8/26/11 Braves at Mets: Citi Field

Just a few conscious moments after my last game in Washington, I magically teleported to Citi Field:

 I really wanted to stay in Washington and go to the majesty of Camden Yards but no. I had made arrangements with the now former pitching coach at Fordham Prep and had to be at Citi Field for this game because the next two had already been cancelled because of the threat Hurricane Irene posed on New York (I won’t get into what it actually because I’ve had worse thunderstorms).

Once I got in I made a beeline (or something like that), to Right Field and quickly got Lucas Duda to throw me a ball. I’m sorry that this is the only picture of the ball I have but Paint decided to stop responding while I was editing it and I only have this left as a product:

You can partially see the ball in my glove and Duda is under the red arrow.

I don’t know how quickly I did, but I did move over to the Left Field bleachers soon after. This is where things really slowed down. There were, I believe, Six other ballhawks at this game and the running lanes were clogged up as a result. It wasn’t that slow of a batting practice but there was just nowhere to move. When the Braves’  pitchers warmed up along the third base line I got Erik Hinske to toss me a ball that one of them overthrew. I was really happy about this because it almost guaranteed I would get another baseball because none of the pitchers saw me get it and so they would have no reason to not throw me a ball.

Apparently they did as that was in fact the last ball of my day. This was mainly because I wanted to stay in Left Field for as long as I could in bp because with six other ballhawks I knew I would lose my better than average spot and I would have to stand like 600 feet from Home Plate to have room to run a few sections. However, it was not any of the ballhawks at all but this guy:

that was the bane of my existence. Twice was I tracking a ball in mid-air and sure that I was going to catch it. Twice did I look to my left at the last moment to be stopped in my pursuit by this group just to see that guy (in a Red Sox hat) catch a Home Run without moving from his seat. Though, I guess I can’t blame him for just being there because I could have gone in the row in front of him and jumped up for the ball had I looked in that direction prior to the balls being hit there but I’m telling you that both would have been easy catches on the fly had I had the room to do so but such is life at Citi Field.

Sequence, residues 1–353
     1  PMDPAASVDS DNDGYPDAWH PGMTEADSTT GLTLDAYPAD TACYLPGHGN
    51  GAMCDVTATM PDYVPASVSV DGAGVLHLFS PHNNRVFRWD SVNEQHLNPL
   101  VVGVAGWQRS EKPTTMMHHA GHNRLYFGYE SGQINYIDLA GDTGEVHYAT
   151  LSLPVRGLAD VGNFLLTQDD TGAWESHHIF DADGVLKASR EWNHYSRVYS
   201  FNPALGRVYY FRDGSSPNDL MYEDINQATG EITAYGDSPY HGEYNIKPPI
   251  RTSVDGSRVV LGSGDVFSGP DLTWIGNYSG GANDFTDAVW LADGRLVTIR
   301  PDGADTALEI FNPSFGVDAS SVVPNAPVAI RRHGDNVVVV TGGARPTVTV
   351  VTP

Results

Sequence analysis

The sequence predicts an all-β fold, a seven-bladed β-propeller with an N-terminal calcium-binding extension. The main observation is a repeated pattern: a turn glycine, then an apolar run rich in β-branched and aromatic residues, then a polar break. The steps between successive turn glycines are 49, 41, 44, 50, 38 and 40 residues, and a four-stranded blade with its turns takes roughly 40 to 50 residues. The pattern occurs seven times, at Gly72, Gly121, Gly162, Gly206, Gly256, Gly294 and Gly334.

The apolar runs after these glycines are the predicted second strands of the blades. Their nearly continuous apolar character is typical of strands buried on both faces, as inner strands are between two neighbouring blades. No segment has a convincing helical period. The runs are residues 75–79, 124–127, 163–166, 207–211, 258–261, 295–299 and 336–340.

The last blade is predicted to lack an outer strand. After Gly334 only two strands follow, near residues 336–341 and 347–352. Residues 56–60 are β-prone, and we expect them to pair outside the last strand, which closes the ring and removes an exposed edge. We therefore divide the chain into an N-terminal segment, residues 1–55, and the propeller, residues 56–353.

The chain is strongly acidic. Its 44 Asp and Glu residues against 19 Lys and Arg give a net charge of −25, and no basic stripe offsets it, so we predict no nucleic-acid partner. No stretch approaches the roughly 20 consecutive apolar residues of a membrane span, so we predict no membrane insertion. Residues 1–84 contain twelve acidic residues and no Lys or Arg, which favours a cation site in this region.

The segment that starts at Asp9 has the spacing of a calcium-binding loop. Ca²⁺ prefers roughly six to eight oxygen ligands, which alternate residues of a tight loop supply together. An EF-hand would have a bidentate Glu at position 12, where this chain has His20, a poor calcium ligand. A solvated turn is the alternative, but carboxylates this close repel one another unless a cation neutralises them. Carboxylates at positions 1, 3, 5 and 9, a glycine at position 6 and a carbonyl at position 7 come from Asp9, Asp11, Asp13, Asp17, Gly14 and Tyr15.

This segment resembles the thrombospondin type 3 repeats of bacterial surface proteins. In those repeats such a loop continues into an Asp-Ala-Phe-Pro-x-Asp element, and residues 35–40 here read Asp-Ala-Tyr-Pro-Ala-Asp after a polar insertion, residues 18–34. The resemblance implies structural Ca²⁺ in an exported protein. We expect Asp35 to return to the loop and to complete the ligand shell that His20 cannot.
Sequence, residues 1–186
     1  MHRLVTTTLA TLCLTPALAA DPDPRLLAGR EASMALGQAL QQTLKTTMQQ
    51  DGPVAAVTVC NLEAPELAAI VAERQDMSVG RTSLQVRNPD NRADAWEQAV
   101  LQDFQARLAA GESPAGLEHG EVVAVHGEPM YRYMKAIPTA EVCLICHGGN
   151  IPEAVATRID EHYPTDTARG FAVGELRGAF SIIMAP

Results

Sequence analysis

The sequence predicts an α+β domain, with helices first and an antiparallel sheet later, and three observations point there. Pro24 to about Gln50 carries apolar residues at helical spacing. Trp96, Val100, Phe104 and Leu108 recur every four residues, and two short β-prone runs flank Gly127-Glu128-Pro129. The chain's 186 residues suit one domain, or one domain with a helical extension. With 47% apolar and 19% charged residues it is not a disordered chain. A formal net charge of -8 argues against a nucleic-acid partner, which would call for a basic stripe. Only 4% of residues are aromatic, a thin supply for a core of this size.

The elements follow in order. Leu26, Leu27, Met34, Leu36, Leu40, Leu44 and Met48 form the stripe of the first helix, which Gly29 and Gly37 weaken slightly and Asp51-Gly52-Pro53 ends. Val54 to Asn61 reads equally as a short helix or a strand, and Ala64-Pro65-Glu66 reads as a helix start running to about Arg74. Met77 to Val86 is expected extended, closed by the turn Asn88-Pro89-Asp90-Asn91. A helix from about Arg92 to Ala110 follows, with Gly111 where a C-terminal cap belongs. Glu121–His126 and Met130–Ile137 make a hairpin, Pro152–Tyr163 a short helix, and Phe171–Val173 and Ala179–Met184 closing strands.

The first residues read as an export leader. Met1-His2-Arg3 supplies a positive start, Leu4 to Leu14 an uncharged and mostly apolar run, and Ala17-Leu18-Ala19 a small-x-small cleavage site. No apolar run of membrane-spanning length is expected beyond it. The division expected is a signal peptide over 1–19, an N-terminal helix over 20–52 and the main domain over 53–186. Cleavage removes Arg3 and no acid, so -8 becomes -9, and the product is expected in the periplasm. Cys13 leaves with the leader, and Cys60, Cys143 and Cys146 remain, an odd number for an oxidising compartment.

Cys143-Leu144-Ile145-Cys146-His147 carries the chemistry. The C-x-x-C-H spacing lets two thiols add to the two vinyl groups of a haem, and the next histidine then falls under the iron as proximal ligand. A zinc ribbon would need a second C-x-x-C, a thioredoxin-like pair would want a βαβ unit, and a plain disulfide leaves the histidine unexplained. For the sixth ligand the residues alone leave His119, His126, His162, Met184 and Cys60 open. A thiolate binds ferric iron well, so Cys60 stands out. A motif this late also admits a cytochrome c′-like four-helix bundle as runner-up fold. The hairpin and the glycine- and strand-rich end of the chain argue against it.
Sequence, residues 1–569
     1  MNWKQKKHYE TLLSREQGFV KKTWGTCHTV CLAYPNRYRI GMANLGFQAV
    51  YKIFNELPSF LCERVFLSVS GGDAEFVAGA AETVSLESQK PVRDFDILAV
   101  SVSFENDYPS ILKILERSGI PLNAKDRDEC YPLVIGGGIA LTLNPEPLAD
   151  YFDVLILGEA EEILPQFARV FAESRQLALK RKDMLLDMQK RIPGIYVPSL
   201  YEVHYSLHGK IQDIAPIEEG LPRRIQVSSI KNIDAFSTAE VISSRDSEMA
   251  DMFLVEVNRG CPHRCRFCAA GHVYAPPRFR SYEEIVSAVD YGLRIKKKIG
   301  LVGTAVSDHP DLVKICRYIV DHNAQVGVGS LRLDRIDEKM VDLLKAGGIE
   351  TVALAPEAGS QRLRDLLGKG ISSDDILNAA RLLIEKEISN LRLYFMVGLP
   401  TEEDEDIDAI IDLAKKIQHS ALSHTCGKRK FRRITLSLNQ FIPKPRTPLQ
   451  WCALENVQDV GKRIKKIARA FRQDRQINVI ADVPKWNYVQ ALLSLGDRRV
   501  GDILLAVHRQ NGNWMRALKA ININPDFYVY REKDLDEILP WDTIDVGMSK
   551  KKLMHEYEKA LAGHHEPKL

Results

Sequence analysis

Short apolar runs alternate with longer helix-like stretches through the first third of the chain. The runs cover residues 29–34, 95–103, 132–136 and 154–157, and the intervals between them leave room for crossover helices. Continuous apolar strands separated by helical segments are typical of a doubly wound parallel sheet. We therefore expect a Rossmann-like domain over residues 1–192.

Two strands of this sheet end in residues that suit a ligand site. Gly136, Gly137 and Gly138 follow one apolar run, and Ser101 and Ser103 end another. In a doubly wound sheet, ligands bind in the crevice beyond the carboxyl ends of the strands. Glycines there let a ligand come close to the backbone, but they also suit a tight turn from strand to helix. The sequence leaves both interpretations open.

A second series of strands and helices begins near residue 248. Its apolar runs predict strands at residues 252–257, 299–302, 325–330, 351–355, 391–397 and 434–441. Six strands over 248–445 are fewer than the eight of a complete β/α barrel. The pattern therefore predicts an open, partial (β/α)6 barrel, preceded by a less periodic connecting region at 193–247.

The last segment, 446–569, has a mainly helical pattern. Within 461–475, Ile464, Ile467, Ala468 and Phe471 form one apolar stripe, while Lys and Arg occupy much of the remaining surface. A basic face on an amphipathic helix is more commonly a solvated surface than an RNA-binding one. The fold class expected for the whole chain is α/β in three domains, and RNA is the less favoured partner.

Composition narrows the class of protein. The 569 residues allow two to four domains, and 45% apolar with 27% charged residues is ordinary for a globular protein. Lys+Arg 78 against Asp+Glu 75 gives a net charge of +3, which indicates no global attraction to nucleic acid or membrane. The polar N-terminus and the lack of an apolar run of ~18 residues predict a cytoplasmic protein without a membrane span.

On top of that, the Braves weren’t throwing many baseballs to anyone over the age of 12 and even to these kids they were not throwing much. Towards the end of bp my guest (or maybe it was the other way around?) arrived and once bp ended we went almost directly to our seats. His actual name would be Chris Cositore and he is now the former pitching coach at Fordham (prep) because he just gratuated from Fordham (university) and is going on with his life blah, blah,blah. Anyway, here he is:

In case you can’t tell where we are, the seats were down the first base line and a bit closer to the outfield than the dugout. I don’t usually sit on this side of the field but the tickets were provided by the same guest that I had on this game and I’ll never pass up a deal to sit in good seats and not have to deal with Citi Field security for no additional cost.

A funny thing about this game involving Chris is that at the beginning of the game he started counting down the number of hitters for a perfect game. So when Chris Capuano (the Mets pitcher) got the first out he told me, “only 26 batters for a perfect game. He told me for every batter. When he got up to get food, he texted me the number every time an out was made. This was kind of his retaliation because he is just loyal enough of a Mets fan where you can make “your team stinks” jokes and they make sense but he doesn’t really take offense to them because he acknowledges the fact but he this was his obligatory retaliation. The way he announced it was before the game saying we were going to see the Mets’ first no-hitter. He was almost right. Capuano pitched a complete game shutout allowing only two hits. I went to the dugout after the game but didn’t get anything because:

1. Capuano wanted to (I assume) keep the game ball because he just pitched one of his best games ever.

2. The umpire tunnel is on the other side of the field on the third base side of the Field level seats.

3. The Mets relievers don’t got through the dugout to the clubhouse because there is a tunnel behind the bulpen that leads directly to the clubhouse and they have no need for going through the dugout.

Regardless, this was my view after the game:

After I eventually conceeded to the fact that there would be no more ball snagging opportunites, Chris and I got our picture taken by one of the “hospitality attendant”s. This was the first attempt that he described as: “a little dark”:

We then decided to move back where the light was (and I secretly ignited a great setting called “flash”) and this was the end product:

And I got the very rare luxury of getting driven home. Of course, it really wasn’t my house because I was staying over with friends. Anyway, that capped of my day at Citi. I then got to spend the next few days in Hurricane mode.

Hello, observers of baseball. Let me know what you though of the entry no matter what you thought of it. Additonally, let me know if you'd like to see me do anything in specific or what I'm doing right or wrong when I do write entries.

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